Rumble in the Magic Kingdom?

Substantial changes expected to come from Disney board meeting today; will Eisner end up with only one title? Plus: Indictments handed out in Adelphia case, Xerox acknowledges probe, and junk bond defaults plummet.

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Walt Disney on Tuesday will hold a board of directors meeting that many observers believe will result in substantial changes in its corporate governance.

Among the likely topics to be discussed: chief executive Michael Eisner’s succession plan, a reduction in the size of the board from its current 16 members, and an increase in the number of independent directors.

Bear in mind that a couple of weeks back, hedge fund manager Herb Denton of Providence Capital hosted a meeting among a large number of institutional investors. At the gathering, the portfolio managers discussed corporate-governance issues they believe Disney should consider. Among their recommendations: separate Eisner’s chairman and CEO titles.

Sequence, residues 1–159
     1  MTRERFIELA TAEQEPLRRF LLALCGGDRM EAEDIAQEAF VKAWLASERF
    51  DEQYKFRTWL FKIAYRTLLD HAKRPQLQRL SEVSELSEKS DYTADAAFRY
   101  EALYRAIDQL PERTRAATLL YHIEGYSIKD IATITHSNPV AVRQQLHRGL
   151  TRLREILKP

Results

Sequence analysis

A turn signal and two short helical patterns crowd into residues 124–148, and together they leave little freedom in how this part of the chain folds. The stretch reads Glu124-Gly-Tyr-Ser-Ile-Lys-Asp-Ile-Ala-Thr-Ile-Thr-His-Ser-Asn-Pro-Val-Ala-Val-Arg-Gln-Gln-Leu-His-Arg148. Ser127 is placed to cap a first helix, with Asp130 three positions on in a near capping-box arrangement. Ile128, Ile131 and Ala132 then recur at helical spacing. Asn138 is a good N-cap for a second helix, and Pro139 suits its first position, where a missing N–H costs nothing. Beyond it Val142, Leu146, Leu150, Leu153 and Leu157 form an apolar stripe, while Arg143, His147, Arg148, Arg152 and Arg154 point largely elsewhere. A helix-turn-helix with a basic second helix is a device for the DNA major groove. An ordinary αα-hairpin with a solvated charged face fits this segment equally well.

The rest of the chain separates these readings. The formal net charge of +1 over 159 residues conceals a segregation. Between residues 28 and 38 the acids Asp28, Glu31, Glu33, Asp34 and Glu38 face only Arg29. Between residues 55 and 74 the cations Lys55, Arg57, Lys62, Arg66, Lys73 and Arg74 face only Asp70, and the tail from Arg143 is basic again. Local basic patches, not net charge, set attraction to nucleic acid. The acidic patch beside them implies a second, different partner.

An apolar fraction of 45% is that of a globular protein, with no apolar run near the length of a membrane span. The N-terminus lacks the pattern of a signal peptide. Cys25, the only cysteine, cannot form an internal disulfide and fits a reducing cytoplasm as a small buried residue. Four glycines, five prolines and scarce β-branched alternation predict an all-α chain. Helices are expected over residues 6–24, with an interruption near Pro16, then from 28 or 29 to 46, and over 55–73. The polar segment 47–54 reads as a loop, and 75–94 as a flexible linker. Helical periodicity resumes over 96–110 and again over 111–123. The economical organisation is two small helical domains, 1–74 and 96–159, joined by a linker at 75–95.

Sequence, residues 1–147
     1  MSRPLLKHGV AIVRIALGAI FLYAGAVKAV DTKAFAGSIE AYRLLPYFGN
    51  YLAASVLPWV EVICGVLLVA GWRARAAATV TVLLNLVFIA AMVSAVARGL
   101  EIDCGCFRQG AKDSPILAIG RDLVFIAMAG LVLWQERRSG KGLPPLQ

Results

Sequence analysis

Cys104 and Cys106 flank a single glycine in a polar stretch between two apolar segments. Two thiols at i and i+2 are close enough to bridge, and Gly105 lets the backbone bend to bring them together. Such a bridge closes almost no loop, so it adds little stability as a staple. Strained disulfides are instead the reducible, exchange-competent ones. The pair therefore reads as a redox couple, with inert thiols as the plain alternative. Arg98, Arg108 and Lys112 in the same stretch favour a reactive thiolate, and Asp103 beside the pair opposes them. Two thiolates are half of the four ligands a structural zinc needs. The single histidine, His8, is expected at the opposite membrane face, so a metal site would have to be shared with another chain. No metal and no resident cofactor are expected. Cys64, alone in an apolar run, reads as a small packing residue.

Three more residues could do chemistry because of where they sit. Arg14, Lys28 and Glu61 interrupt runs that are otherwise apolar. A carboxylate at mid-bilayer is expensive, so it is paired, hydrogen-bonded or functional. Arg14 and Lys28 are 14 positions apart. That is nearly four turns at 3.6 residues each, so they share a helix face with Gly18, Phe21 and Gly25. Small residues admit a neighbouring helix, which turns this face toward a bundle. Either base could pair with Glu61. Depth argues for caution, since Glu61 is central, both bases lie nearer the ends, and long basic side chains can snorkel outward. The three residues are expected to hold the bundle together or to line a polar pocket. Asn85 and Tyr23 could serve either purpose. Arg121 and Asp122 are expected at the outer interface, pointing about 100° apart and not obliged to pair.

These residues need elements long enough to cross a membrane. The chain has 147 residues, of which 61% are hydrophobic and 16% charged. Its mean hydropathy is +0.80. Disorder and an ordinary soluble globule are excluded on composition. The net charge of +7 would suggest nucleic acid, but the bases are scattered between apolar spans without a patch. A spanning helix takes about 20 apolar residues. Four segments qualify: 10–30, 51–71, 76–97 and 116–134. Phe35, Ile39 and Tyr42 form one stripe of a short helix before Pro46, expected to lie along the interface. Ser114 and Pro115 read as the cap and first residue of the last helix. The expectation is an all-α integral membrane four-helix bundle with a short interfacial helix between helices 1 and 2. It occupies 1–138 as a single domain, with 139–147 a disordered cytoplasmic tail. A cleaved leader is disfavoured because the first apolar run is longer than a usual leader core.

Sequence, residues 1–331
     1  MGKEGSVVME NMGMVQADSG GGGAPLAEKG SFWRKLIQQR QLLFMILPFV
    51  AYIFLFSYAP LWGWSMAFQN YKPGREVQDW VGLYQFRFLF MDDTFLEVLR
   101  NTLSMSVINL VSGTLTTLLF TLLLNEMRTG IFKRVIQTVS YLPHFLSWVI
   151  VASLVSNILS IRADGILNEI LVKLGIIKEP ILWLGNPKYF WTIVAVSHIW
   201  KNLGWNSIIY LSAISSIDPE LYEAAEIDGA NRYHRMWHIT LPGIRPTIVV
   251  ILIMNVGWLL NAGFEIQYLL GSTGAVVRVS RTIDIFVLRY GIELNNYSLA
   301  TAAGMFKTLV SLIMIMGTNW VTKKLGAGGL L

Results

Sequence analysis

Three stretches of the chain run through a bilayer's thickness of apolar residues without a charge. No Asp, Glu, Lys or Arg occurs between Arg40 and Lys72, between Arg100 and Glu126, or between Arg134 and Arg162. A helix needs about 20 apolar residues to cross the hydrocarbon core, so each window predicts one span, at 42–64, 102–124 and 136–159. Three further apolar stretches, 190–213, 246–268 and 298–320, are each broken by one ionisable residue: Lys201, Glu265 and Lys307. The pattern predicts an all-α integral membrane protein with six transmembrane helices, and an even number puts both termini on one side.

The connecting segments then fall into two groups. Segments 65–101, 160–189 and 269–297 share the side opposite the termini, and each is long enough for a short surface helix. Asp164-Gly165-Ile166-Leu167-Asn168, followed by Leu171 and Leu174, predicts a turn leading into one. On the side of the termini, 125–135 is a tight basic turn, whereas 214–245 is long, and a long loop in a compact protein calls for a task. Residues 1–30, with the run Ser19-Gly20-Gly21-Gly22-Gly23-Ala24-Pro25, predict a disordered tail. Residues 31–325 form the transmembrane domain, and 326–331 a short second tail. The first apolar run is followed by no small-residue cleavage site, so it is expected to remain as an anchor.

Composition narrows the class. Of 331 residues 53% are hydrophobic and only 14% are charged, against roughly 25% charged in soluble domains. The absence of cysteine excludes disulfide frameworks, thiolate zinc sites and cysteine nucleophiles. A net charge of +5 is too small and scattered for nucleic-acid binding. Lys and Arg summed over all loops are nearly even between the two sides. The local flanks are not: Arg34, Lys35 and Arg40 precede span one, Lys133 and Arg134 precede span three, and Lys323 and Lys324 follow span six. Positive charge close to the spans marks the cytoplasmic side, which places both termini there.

Board members Stanley Gold and Roy Disney, who are credited with bringing in Eisner during the 1980s when corporate raiders were threatening to bust up the company, are reportedly major proponents of change.

Back in January, Disney did get out in front of the corporate accountability issue when company management said it would no longer use its independent auditing firm to perform nonaudit-related consulting work.

In August, Disney admitted that three of its independent board members had adult children employed by the company, receiving salaries ranging from $81,863 to $152,608. Another independent board member’s wife is employed at Lifetime Entertainment Television, a cable network half-owned by Disney.

Indictments Handed Out in Adelphia Case

Five former top executives of Adelphia Communications Corp.—including several high-ranking employees in the cable company’s finance department—were indicted on Monday on charges they stole hundreds of millions of dollars from the company.

According to wire service accounts, John Rigas, the 78-year-old founder of the cable giant, was indicted, along with his sons Timothy and Michael, for allegedly perpetrating securities fraud, wire fraud, and bank fraud. Timothy J. Rigas formerly served as Adelphia’s chief financial officer, while Michael J. Rigas was the company’s vice president of operation. Both executives resigned near the end of May, as did the elder Rigas. Adelphia filed for Chapter 11 bankruptcy protection on June 25.